504 Emory St, San Jose, California 95110

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(408) 564-0419 (408) 564-0419
504 Emory St, San Jose, California 95110

How to Fix a Long Cracked Windshield

How to Fix a Long Cracked Windshield

If you drive a car regularly for an extended time, you will experience an emotional roller coaster’s worth of mishaps and untimely situations. There is a sinking feeling, and probably a gasped “oh no!” when you realise that loud noise has cracked your new windshield. Depending on the damage, or the immediate danger of the crack, your windshield might need a repair or a replacement. How does one make that assessment? There are several questions to consider when making this critical decision.

The windshield in your car is made from a lamination process. A thin layer of vinyl is placed between two large sheets of glass; the three pieces are laminated in a special oven called an autoclave. Immense heat and pressure are applied to the glass and vinyl, creating a sturdy protective shield between you and the road outside. When you are engaged in a severe impact, the glass will shatter, but inner vinyl layer prevents the glass from flying apart by acting as an adhesive.

Types of Damage

You can better assess a repair or a replacement when you know what type of damage is inflicted upon your windshield, and how it affects the layers of the windshield. 

Chips break away a portion of the glass, and typically these surface-level fissures can be repaired if they are small enough. However, a chip may be deep enough to penetrate the vinyl layer, which might call for a replacement. 

A crack can usually grow from a chip, even if that chip is surface level. It is best to repair any chips in your windshield immediately. A crack, unlike a typically small chip, is a line in the windshield where a piece of the glass has begun to separate. Cracks usually start small but absolutely can grow into a more significant issue.

A crack in the windshield can be caused by anything from a deep chip, too much weight applied to the windshield or dramatic changes in temperature which cause the glass to contract and expand. These conditions can also cause a previous crack to speed up its process until a small crack has grown to a massive crack across your entire windshield.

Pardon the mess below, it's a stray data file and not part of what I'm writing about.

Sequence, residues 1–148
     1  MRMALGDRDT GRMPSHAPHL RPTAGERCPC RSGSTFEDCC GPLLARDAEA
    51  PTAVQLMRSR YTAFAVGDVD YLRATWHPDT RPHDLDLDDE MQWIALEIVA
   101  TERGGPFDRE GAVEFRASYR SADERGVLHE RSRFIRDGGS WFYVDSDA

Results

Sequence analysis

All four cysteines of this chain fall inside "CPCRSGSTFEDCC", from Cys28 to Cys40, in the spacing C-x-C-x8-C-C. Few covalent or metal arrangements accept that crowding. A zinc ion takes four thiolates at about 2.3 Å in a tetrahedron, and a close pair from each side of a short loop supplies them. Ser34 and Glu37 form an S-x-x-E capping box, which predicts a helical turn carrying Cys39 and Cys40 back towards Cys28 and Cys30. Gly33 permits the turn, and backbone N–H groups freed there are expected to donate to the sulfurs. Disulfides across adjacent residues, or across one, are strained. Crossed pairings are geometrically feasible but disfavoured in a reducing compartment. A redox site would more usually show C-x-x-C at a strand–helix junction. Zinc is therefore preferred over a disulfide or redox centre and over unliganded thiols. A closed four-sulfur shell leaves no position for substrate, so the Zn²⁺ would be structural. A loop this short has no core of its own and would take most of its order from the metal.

It is not uncommon to see an array of chips or cracks in your windshield due to the daily wear and tear we put on our cars. Never make any assumptions or judgments on your own; refer to an auto glass professional to hear their input before making a decision.

Should I Repair My Windshield?

Compared to replacing an entire windshield, you can guess that a couple of repairs are significantly cheaper. However, is it the safer option of the two? It genuinely depends on the size, depth, location, quantity and type of impairment. The ability to repair large chips and cracks is consistently advancing and changing with the improvement of the industry: it is becoming easier and quicker to make more concrete repairs to windshield flaws.

The National Windshield Repair Association has specified the maximum parameters of damage repair is limited to a three-inch chip and a crack up to fourteen inches long. If your damage exceeds these limitations, it might be too deep to perform a windshield repair. This is especially true if the chip or crack is on the driver’s side of the windshield, as this could significantly impair the safety of the driver.

Should I Replace My Windshield?

Sometimes, it isn’t always apparent that a windshield needs to be replaced. A windshield can be repaired only so many times before the glass sandwich is in dire need of replacement. There is a general rule to follow: if you have more than three cracks anywhere on your windshield, it is highly likely that it is time for that windshield to be replaced. In the car, safety is an essential factor. Three or more cracks in the windshield pose an immense safety hazard, as this inflicts damage on the structural integrity of the windshield (a necessary part of the car’s safety).

A windshield replacement should primarily be considered if there is significant damage to the driver’s side of the windshield. A repair, whether it is good or not, could leave residual markings which have the potential to impair the driver’s vision. According to Daniel Snow from Glass.com, you should consider replacing your windshield if:

  • The glass is tempered, not laminated.
  • The crack is longer than a dollar bill.
  • The crack/chip has penetrated more than halfway into the windshield.
  • The crack/chip extends to the outside edge of the windshield.

Otherwise, a repair might be sufficient for your needs.

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